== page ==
by Jaimee Hills
Are people safe? You've struck a chord
as we become an angry horde.
Appreciate the optics, now you’ve stopped her.
With painted signs, they chant, they sing,
the minor crowd, assembling,
as cloudy skies compose a helicopter.
A vote inside a vote machine
meaningless but for what it could mean
felt like gambling in a bankrupted casino.
The votes rolled in, in waves like water;
the careless don’t care about my daughter,
heat rising like the shock of jalapeño.
Though someone else's dream is you,
dream on we do, dream on we do,
hardy as the gardens of Pompeiians.
The flowers find the seasons strange,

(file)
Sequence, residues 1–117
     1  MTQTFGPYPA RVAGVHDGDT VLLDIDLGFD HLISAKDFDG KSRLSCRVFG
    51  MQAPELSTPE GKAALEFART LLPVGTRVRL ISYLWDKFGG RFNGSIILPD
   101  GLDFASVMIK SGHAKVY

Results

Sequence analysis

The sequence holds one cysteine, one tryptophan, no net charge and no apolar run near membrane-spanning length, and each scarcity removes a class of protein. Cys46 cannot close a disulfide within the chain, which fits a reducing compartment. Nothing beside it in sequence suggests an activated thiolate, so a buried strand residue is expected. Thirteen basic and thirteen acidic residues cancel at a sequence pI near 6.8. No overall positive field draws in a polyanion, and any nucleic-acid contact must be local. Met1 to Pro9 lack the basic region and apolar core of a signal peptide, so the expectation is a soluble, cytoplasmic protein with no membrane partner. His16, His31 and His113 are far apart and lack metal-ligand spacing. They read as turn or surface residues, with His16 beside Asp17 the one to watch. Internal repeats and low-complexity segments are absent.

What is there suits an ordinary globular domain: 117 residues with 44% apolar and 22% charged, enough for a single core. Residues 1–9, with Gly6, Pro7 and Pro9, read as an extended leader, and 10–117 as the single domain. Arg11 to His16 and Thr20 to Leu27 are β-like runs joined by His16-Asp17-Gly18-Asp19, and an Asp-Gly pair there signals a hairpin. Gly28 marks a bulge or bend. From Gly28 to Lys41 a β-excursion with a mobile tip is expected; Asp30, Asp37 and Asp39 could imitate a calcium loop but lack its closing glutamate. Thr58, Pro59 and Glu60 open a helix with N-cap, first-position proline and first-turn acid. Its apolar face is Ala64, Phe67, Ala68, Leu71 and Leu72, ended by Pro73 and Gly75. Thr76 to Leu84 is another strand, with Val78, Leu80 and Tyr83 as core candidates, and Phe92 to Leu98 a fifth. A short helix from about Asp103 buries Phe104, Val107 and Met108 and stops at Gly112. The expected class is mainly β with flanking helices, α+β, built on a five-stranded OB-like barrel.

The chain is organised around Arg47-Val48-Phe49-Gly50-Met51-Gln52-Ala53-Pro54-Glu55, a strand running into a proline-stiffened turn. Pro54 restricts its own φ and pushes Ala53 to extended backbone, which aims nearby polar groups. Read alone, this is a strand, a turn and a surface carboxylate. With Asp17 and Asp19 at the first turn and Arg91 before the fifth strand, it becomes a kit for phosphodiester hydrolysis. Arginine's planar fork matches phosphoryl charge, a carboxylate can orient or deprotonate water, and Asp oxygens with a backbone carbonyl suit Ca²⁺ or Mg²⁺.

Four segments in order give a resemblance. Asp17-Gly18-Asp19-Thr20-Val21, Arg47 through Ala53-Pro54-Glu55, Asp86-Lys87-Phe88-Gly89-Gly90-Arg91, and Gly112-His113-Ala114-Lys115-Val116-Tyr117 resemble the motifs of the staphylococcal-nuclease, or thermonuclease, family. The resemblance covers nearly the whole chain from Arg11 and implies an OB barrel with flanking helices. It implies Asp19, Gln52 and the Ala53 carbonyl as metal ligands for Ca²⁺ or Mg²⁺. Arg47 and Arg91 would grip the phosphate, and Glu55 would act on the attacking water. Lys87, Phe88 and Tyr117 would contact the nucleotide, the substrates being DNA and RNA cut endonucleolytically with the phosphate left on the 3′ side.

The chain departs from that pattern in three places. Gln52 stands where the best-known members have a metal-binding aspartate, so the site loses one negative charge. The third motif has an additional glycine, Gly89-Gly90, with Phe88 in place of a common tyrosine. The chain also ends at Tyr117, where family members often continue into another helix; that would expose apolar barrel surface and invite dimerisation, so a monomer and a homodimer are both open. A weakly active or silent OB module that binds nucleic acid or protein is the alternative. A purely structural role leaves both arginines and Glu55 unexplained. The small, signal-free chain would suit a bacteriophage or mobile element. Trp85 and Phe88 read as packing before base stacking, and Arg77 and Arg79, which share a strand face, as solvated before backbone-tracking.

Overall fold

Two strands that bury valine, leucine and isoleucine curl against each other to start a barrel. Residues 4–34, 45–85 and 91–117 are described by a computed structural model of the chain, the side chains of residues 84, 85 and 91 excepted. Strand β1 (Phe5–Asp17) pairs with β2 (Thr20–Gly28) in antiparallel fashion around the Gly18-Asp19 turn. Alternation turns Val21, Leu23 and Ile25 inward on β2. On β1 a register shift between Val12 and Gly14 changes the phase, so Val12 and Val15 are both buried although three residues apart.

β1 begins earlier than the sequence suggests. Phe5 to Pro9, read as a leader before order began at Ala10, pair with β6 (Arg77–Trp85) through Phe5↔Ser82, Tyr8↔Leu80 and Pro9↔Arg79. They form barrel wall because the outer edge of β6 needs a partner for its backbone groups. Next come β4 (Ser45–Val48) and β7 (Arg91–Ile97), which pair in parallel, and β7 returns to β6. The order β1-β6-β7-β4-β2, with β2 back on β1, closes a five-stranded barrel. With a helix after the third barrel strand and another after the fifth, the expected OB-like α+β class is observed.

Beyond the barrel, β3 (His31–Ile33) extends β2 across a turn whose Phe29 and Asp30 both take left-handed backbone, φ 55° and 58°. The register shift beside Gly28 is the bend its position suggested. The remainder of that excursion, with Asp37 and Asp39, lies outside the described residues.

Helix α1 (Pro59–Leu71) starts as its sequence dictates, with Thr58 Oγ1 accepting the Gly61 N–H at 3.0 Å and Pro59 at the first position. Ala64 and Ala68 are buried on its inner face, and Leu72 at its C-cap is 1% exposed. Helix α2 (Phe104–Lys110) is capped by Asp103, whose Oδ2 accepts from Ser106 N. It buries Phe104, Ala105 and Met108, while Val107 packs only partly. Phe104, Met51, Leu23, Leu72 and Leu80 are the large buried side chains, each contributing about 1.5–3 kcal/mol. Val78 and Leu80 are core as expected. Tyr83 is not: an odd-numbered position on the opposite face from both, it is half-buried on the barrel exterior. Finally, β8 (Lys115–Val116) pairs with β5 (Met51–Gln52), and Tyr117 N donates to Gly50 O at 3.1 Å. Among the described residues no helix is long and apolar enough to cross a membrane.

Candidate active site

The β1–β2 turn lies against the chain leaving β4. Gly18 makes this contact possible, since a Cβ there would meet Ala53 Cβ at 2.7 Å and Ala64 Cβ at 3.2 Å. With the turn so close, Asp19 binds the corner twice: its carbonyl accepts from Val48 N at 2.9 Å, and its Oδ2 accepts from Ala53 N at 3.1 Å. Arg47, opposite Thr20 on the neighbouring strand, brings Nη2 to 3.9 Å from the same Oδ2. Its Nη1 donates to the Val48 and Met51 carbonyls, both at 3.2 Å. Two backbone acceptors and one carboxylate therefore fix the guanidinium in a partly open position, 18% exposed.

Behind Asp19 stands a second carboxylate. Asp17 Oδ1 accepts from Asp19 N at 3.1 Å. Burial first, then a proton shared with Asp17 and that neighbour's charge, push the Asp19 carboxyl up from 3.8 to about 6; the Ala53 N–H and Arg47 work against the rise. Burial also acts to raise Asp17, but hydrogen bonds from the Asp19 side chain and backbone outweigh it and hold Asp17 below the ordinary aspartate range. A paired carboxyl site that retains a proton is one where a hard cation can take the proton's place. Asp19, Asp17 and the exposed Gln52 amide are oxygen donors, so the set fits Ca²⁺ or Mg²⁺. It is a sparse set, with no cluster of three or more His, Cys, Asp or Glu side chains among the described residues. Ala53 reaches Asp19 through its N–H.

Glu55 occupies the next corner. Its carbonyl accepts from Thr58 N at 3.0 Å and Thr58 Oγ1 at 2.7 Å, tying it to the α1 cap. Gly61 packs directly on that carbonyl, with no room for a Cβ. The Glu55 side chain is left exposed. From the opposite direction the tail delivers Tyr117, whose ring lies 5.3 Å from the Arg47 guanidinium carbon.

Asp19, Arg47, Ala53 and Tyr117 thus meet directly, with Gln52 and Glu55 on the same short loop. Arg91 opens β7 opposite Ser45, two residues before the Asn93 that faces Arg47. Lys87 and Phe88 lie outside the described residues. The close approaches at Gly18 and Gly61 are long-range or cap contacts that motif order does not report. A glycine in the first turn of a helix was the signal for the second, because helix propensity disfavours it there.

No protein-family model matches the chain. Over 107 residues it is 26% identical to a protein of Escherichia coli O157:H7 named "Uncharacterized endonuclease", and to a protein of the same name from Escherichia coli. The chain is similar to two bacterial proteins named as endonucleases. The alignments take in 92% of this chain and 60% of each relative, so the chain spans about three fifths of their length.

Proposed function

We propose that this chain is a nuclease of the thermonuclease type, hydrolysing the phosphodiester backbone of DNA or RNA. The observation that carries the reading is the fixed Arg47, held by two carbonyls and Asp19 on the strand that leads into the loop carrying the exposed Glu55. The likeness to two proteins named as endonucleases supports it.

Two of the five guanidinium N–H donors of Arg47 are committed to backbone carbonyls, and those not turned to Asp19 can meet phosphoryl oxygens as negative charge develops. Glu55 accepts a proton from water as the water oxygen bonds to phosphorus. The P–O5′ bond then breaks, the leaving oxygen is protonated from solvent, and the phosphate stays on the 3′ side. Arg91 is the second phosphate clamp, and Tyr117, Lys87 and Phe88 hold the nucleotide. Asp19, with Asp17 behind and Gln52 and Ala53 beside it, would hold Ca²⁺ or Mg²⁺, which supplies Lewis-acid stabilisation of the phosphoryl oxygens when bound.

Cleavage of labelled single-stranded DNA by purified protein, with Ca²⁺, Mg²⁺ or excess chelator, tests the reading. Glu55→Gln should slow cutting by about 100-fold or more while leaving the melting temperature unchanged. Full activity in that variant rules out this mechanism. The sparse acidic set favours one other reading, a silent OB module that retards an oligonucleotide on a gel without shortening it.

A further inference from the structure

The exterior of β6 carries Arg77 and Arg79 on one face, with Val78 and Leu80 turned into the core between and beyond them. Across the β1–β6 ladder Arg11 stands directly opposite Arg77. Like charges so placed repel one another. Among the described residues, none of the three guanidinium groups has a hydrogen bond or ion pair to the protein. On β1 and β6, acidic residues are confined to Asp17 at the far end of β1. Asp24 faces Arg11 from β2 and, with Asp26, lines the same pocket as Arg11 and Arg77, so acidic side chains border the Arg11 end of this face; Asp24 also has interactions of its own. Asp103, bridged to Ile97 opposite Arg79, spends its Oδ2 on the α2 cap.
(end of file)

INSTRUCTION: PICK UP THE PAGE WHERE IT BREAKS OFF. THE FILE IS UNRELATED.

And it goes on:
there’s a changing to their change,
squalled shorelines and the stooping Himalayans.
It’s not illegal just to breathe.
We’ve always struggled. Always seethe.
It feels the wind is howling, blowing through you.
Within the ocean's current form
a shifting rage, a stirring storm,
the bitter burning tongue of Hallelujah.
Jaimee Hills is the author of How to Avoid Speaking, winner of the 2014 Anthony Hecht Poetry Prize. She has been a featured reader in the O.B. Hardison Poetry Series at the Folger Shakespeare Library and her work has appeared in Best New Poets, Mississippi Review, Drunken Boat, Blackbird, and elsewhere. She teaches at Marquette University and lives in Milwaukee, WI.
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